Don't call what Harry's Band does "beach music," unless you want a real argument -- the group, which has been a going concern one way or another since the 1960s, still evokes that kind of passion, especially from people in the Carolinas. Harry's Band were a serious musical institution in the Southeast, especially in North Carolina, with a history stretching back 45 years. They got their start in 1963 when a group of teenage would-be musicians from Dunn, NC (a town that had already produced one rock & roll legend, Link Wray), approached Harry Driver, a local elder statesman in music already in his thirties, and the uncle of one of the boys. Driver knew his way around the music business, especially club owners and promoters. The band, originally known as the Cavaliers, coalesced around Donald Hobson, Charlie Aycock, Walt Jones, Tommy Ralph, and Billy Wellons. They later acquired a lead singer, and the band became Gene Barbour & the Cavaliers, who ended up, in short order, opening shows in the Carolinas by the likes of Stevie Wonder, the Impressions, Dionne Warwick, Smokey Robinson & the Miracles, the Four Tops, Martha & the Vandellas, Billy Stewart, and Chuck Jackson. They were one of the top regional bands in the Carolinas, right into the second half of the 1960s, and also managed to cut at least one record, "Nobody" for the JCP label, that fetches a huge amount of money in collectors' circles in the 21st century. They moved from strength to strength as personnel came and went, sometimes voluntarily, and other times due to the exigencies of the Vietnam War.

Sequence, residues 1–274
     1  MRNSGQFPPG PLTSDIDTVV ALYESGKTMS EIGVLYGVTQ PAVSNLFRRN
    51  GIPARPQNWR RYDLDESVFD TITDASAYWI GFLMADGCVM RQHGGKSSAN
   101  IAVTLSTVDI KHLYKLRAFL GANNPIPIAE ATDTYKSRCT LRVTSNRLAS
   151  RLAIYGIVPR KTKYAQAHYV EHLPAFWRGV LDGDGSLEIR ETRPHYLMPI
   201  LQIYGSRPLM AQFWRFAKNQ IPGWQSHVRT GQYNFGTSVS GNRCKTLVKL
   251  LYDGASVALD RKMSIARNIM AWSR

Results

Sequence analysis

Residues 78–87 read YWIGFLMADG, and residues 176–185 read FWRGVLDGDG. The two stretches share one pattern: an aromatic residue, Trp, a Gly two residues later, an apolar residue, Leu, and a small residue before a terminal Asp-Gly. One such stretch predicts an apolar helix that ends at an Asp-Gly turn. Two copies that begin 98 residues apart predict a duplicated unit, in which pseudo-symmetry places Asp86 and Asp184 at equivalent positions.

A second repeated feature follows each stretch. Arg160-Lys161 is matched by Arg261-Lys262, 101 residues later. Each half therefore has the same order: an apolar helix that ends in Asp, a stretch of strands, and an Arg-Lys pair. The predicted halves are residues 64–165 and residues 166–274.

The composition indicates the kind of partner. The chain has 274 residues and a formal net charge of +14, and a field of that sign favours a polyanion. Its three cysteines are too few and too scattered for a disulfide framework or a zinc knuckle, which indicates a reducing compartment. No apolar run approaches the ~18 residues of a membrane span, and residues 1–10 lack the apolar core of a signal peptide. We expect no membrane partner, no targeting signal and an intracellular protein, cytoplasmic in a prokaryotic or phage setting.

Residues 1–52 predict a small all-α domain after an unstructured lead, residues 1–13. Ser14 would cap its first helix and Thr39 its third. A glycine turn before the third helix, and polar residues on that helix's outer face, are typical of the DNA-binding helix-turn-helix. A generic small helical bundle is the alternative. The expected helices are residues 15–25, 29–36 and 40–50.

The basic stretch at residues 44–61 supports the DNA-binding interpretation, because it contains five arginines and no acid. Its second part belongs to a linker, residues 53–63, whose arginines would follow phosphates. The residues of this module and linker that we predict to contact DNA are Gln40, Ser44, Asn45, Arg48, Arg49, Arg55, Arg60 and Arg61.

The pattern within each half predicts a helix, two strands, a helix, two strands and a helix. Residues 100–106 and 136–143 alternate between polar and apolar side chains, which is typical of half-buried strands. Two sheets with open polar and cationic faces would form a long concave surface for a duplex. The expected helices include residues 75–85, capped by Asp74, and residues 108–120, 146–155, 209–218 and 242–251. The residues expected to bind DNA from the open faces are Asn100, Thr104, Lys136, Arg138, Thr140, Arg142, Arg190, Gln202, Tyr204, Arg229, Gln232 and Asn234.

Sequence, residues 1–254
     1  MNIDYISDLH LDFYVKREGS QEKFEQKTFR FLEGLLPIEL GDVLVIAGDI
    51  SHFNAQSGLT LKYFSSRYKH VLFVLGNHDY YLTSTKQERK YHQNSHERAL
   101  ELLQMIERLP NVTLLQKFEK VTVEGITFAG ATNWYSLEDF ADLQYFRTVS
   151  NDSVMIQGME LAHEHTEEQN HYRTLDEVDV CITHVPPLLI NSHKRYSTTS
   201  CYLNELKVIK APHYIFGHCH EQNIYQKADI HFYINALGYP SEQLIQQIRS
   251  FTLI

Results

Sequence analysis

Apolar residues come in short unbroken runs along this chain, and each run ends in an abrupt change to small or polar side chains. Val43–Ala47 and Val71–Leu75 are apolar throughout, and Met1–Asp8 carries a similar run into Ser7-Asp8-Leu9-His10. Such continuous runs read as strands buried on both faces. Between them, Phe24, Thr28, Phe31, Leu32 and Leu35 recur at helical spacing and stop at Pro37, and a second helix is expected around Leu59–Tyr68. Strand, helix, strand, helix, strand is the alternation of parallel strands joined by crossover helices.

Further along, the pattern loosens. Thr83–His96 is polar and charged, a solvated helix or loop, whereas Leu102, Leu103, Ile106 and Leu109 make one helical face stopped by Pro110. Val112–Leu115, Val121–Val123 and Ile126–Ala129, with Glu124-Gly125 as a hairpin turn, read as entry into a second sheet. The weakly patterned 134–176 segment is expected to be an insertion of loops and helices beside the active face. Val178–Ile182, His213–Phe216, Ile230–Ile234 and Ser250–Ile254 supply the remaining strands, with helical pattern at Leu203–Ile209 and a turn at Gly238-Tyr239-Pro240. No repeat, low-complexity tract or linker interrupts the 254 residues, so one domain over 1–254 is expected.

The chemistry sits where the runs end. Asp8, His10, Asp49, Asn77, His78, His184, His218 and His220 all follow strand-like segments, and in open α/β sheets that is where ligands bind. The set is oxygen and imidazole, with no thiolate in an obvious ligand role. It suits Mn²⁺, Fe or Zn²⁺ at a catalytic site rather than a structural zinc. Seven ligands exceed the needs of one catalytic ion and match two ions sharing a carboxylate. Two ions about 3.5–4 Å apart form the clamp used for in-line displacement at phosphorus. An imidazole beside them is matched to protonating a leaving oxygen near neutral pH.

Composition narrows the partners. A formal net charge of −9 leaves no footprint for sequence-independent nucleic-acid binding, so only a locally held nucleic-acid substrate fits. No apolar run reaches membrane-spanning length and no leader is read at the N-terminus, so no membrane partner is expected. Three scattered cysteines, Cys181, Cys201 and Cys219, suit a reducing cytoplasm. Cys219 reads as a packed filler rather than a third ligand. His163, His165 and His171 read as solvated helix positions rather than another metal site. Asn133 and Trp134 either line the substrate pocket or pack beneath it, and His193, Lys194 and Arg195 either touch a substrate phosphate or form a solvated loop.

By the end of the 1960s, while maintaining a remarkably consistent sound (and some players returning after getting out of uniform), the Cavaliers merged with another Dunn band, the Tymes, and adopted the name Men of Distinction, evolving into a larger, more imposing "power show band." Christened the Men, with a horn section similar to Blood, Sweat & Tears (Mark II) and Chicago, they were compared to those outfits, and later also compared to Tower of Power and Earth, Wind & Fire. But they never abandoned their soul roots, only making the sound bigger and better. They played into the '80s before the members began drifting away into other lines of work, necessitated by marriage, responsibility, etc. The Men of Distinction, a dozen strong, reunited for one show in December of 1996 on the occasion of Harry Driver's 65th birthday, to fulfill his wish to see them perform one last time . The show was so successful and satisfying, that the members -- despite all of them having regular jobs and careers -- decided to keep their work together going in a series of special-occasion performances, taking the name Harry's Band in honor of their manager, who passed away from a heart attack in 1998. The group continued working into the first decade of the 21st century before calling it quits, but they were sufficiently well-known in the Carolinas to release a live double-CD set, and they maintain an active website.